Water: A finite resource






Although water covers 75 percent of the world's surface, 97.5 percent of the earth's water is salt water; of the remaining 2.5 percent, most is locked away as groundwater or in glaciers.

All life depends on water. Although overall the world's population can count on a supply of about 9 000 cubic kilometres of freshwater per year, it is not evenly distributed. Hydrologists regard countries where indigenous water supplies average less than 1 000 cubic metres per person per year as "water-scarce".

Finding enough water can be a formidable task. Water-scarce countries must balance strategies for increasing water supply against risks of upsetting the delicate balance of the local ecosystem.

Without water our planet would be a barren wasteland. Of the three main ways in which people use water - municipal (drinking water and sewage treatment), industrial and agricultural (mostly irrigation) - farming accounts for the largest part, some 65 percent globally in 1 990.

Water is a finite resource: there are some 1 400 million cubic kilometres on earth and circulating through the hydrological cycle. Nearly all of this is salt water and most of the rest is frozen or under ground. Only one-hundredth of 1 percent of the world's water is readily available for human use.

This would be enough to meet humanity's needs - if it were evenly distributed. But it is not. In Malaysia 100 people share each million cubic metres of water; in India, the figure is 350 and in Israel, 4 000. And where there is water, it is often polluted: nearly a third of the population of developing countries has no access to safe drinking water.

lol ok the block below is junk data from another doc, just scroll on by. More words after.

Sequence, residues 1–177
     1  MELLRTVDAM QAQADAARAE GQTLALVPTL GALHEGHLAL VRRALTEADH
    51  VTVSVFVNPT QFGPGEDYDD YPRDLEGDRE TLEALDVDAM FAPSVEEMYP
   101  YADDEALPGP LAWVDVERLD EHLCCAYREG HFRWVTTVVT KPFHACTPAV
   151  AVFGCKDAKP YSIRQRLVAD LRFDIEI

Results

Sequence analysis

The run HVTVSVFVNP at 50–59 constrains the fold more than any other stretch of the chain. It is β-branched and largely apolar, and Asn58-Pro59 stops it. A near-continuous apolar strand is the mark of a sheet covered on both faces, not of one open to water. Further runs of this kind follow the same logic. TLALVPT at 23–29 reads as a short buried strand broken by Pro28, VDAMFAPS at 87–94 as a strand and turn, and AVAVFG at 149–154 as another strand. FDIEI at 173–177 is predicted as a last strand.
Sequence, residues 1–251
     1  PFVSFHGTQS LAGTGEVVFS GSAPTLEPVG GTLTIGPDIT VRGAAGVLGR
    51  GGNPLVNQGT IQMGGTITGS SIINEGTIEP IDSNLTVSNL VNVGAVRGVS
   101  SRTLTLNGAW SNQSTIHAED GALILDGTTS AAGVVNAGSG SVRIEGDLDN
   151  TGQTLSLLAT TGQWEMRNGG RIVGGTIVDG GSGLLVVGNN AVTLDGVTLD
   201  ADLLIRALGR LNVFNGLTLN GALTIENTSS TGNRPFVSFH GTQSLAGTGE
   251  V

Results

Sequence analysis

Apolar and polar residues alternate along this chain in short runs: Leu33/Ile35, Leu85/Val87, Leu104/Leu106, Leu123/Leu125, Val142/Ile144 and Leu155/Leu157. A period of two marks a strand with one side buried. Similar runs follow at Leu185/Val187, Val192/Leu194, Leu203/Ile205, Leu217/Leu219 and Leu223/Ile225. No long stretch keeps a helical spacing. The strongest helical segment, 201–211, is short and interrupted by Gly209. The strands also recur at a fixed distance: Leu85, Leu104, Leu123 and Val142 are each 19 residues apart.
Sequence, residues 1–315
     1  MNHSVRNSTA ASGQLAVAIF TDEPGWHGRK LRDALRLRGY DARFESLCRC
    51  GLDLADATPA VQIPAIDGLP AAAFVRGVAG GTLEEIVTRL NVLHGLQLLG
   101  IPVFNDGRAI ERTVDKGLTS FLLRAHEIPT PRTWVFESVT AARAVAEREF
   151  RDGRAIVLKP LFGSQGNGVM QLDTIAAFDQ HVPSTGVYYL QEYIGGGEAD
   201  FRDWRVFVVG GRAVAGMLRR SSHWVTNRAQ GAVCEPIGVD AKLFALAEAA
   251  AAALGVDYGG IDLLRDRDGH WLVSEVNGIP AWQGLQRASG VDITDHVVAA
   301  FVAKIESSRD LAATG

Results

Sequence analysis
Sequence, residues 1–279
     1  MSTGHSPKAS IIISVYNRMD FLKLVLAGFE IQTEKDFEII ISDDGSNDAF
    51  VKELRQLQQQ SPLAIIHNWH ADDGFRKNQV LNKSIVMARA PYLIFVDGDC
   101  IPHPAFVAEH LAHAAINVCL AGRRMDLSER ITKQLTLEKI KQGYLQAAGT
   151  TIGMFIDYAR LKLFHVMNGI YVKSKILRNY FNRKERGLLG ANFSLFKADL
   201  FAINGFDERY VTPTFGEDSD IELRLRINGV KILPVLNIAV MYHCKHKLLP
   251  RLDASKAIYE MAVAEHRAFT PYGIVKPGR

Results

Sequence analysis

In many countries, the amount of water available to each person is falling, as populations rise. By the year 2000, Latin America's per caput water resources will have fallen by nearly three-quarters since 1950. In the twenty-first century the main constraint on development in Egypt will be access to water, not land. Over 230 million people live in countries - most of them in Africa or the Near East - where less than 1 000 cubic metres of water is available per person each year.

Even countries with greater supplies are extracting too much from their underground water reserves. The water table under Beijing is sinking by 2 metres every year, while Bangkok's has fallen by 25 metres since the 1950s. The level of the vast Ogallala aquifer, which lies beneath eight US states, is dropping by nearly 1 metre a year.

Pollution exacerbates the problem. Some 450 cubic kilometres of waste water are poured into the world's surface waters every year: two-thirds of the world's available runoff is used to dilute and bear it away.

A world short of water is also an unstable world. More than 200 river systems cross international boundaries, and 13 rivers and lakes are shared by 96 countries. Over-use or pollution by countries upstream can be devastating for those downstream. Access to water, particularly in areas where rainfall is low or erratic, is becoming a major political issue and vital to national interests.

Faced with these crises, the world must learn to be less wasteful and to manage its water resources better. Methods include conserving supplies, using reservoirs and small dams to catch runoff, recharging aquifers, protecting watersheds and recycling waste water in agriculture and industry.


Where the water is

Distribution of the world’s water
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The hydrological cycle

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The world’s hydrological cycle links lakes, soil moisture, rivers and biological systems. This great water pump causes some 113 000 cubic kilometres to fall as rain and snow every year